Leslie Larson, RN, CNP – Certified Brain Injury Specialist, was named the 2012 Mental Health Nurse of the Year from March of Dimes. Larson, a 2003 MS graduate of the University of Minnesota’s Center for Children with Special Health Care Needs, is a pediatric nurse practitioner, specializing in working with children who have developmental delays, cerebral palsy and traumatic brain injuries at Gillette Children’s Specialty Healthcare. The March of Dimes celebrated Nurse of the Year at a dinner and awards program, October 27, 2012 at the Hyatt Regency Hotel in Minneapolis. The honorees’ leadership and contributions have made a significant impact on their community and to the profession of nursing.
Since 2008 the Center for Children with Special Health Care Needs has developed 12 self-paced education modules, offering ANCC contact hours at no cost. Check out the center’s 2 new modules. 11. Child and Adolescent Mental Health Disorders Presenter: Jane … Continue reading
Center for Adolescent Nursing Director, Linda H. Bearinger, PhD, RN, FAAN, FSAHM, co-authored “Adolescence: A foundation for future health”, one of four papers found in the special Lancet series on adolescent health. The Lancet series was launched at the 45th Session of the United Nations Commission on Population Development (April 23-27, New York, NY).
To read all the articles in this special adolescent health series, go to:
Linda H. Bearinger, PhD, RN, FAAN, FSAHM, Professor in the Schools of Nursing and Medicine, and Director of the Center for Adolescent Nursing, is featured in The Lancet. Bearinger is featured in the Perspectives Section of the current Lancet issue, volume 379, issue 9826, page 1581. Recognizing her 40+ years of service to young people, Bearinger’s career trajectory is described in the Lancet article, including her passion for teaching, her appointments with the Institute of Medicine and other global organizations, and her current position as President of the International Association for Adolescent Health.
To view Bearinger’s profile, go to: http://www.thelancet.com/journals/lancet/article/PIIS0140-6736%2812%2960664-3/fulltext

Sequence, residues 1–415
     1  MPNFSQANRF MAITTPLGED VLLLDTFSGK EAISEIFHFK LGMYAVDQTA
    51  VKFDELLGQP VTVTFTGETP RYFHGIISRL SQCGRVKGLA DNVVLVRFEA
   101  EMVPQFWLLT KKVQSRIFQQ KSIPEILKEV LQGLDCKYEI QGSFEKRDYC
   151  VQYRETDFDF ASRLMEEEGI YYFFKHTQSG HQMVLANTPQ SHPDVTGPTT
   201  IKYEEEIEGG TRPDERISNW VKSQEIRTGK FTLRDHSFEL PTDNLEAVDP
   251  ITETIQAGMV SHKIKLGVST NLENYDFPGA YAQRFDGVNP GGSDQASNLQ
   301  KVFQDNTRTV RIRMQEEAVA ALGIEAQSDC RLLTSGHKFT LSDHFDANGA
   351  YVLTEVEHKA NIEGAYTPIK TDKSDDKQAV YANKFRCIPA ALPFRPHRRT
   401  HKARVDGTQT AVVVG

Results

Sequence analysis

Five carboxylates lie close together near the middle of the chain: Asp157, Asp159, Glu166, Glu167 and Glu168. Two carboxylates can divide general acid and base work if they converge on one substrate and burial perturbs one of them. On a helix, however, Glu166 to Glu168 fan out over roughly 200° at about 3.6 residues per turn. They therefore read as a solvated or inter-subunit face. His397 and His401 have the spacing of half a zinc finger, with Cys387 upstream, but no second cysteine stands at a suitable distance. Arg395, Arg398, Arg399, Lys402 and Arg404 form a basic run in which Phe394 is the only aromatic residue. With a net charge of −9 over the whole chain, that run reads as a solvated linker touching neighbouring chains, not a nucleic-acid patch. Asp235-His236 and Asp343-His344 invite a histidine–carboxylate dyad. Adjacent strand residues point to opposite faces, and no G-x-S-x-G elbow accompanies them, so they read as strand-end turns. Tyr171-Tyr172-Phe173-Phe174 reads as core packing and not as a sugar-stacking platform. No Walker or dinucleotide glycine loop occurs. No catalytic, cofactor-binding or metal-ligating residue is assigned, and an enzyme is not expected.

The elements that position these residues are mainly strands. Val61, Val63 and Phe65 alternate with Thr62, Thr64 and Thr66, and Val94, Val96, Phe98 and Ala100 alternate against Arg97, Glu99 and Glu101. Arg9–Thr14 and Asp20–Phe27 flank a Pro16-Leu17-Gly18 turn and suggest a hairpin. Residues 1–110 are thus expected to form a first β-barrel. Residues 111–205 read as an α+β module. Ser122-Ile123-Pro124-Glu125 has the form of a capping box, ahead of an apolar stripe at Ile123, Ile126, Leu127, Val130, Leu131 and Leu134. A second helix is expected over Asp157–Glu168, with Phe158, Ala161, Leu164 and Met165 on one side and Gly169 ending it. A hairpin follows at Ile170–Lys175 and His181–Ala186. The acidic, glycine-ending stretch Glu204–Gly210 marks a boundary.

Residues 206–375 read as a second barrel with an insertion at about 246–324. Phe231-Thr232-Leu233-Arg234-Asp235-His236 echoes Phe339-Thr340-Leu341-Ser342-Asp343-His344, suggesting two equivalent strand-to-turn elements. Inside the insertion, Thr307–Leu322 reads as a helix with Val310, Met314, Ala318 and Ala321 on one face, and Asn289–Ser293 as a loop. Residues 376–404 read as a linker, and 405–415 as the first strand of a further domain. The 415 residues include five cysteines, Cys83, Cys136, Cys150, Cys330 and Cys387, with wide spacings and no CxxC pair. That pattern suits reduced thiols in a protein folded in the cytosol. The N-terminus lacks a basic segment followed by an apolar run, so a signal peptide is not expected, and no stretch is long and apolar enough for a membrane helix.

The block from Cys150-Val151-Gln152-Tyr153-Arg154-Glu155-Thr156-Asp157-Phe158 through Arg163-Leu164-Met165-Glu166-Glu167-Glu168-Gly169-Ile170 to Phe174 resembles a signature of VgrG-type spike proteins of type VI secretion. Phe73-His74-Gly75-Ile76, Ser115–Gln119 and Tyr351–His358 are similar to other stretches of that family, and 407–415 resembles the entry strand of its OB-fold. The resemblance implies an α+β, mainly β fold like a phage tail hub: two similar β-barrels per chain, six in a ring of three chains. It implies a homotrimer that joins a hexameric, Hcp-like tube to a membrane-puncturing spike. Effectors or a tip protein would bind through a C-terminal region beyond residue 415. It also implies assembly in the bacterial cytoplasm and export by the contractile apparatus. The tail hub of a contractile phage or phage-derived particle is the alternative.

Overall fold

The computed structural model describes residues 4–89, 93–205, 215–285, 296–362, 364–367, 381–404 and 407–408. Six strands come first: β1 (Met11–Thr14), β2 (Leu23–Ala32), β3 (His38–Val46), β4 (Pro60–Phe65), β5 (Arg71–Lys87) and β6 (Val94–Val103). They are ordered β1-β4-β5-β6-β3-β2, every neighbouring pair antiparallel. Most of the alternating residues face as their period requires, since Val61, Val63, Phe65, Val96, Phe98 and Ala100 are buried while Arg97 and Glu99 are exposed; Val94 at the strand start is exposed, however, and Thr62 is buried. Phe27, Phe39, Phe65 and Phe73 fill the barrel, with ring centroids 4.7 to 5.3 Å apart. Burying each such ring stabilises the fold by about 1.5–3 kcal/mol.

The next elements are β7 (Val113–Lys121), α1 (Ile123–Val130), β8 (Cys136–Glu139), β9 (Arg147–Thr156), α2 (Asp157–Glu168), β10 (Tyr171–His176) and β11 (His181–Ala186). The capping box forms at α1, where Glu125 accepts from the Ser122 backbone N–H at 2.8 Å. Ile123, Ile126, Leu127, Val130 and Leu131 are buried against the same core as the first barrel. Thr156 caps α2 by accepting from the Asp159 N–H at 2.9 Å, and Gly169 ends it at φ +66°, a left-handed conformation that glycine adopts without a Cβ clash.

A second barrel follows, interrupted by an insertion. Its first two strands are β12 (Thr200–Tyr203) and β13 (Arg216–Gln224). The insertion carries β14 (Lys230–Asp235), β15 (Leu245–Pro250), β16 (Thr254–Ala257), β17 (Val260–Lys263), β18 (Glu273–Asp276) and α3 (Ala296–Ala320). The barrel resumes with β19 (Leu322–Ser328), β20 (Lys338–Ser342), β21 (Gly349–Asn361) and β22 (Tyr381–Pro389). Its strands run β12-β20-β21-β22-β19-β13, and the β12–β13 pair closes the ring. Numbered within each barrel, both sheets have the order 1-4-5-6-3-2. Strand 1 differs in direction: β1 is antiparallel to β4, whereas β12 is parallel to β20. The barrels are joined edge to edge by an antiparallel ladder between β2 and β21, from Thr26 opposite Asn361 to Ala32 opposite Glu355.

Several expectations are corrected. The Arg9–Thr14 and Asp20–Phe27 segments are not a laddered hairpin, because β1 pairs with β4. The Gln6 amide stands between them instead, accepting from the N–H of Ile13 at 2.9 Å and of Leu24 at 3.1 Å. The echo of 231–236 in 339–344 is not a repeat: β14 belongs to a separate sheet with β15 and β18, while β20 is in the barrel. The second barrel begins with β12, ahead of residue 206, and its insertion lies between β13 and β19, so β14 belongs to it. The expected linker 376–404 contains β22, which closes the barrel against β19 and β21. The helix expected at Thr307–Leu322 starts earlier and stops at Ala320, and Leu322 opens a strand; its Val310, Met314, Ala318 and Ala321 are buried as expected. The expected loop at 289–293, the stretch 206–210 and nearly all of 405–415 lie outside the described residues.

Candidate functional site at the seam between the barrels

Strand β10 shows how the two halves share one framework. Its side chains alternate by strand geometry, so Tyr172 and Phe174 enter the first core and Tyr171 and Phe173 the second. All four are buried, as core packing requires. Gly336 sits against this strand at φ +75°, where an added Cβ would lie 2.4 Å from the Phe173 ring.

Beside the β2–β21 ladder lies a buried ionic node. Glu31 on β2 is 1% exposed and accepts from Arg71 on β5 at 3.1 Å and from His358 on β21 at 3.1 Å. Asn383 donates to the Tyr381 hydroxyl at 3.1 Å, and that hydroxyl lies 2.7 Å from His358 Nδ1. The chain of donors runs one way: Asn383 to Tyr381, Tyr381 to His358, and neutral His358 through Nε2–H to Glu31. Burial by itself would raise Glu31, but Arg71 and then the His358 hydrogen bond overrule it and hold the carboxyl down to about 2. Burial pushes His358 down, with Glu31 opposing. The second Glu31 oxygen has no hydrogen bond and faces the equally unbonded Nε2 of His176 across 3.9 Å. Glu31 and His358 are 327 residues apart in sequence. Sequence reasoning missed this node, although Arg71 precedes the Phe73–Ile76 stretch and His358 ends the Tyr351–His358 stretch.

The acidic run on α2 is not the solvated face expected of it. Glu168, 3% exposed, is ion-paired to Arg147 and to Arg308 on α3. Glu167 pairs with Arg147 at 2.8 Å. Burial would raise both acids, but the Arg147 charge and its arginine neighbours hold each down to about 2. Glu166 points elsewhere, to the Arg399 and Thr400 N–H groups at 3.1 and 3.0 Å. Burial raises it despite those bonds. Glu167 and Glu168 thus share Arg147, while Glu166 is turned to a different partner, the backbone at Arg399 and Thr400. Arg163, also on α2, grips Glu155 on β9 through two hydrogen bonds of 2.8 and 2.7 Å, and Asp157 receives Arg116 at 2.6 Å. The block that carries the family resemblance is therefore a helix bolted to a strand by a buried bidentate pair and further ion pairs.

2012 Summer Institute in Adolescent Health
Equal Access, Equal Say: Achieving Health Equity for All Young People
When: July 30th – August 1st, 2012
Where: Minnesota Department of Health, Snelling Office Park Building, St. Paul, MN
To register: http://www.nursing.umn.edu/Adolescent_Nursing/Continuing_Education/home.html
For more information: Go to our website at www.nursing.umn.edu/can and click on the continuing education link.
Change – the one word that best epitomizes adolescence – changing bodies, changing schools, changing friends. While change is essential for healthy transitions to adulthood, it can also increase vulnerability. For young people, inequitable conditions in families, schools, and communities can lead to dramatically differing pathways to adulthood, some healthier than others. Inequities in social determinants of health abound – socio-economic status, housing, physical environment, food security, neighborhood safety, social support, health care services, transportation, and working conditions, to name a few.
What helps all young people achieve their highest level of health? Assuring optimal health for all requires equalizing the conditions for health – life-skills, access to quality services, educational attainment, readiness for gainful employment, and opportunities to participate as citizens. This means that we must pay attention to creating services and programs that are accessible, acceptable, appropriate, and effective.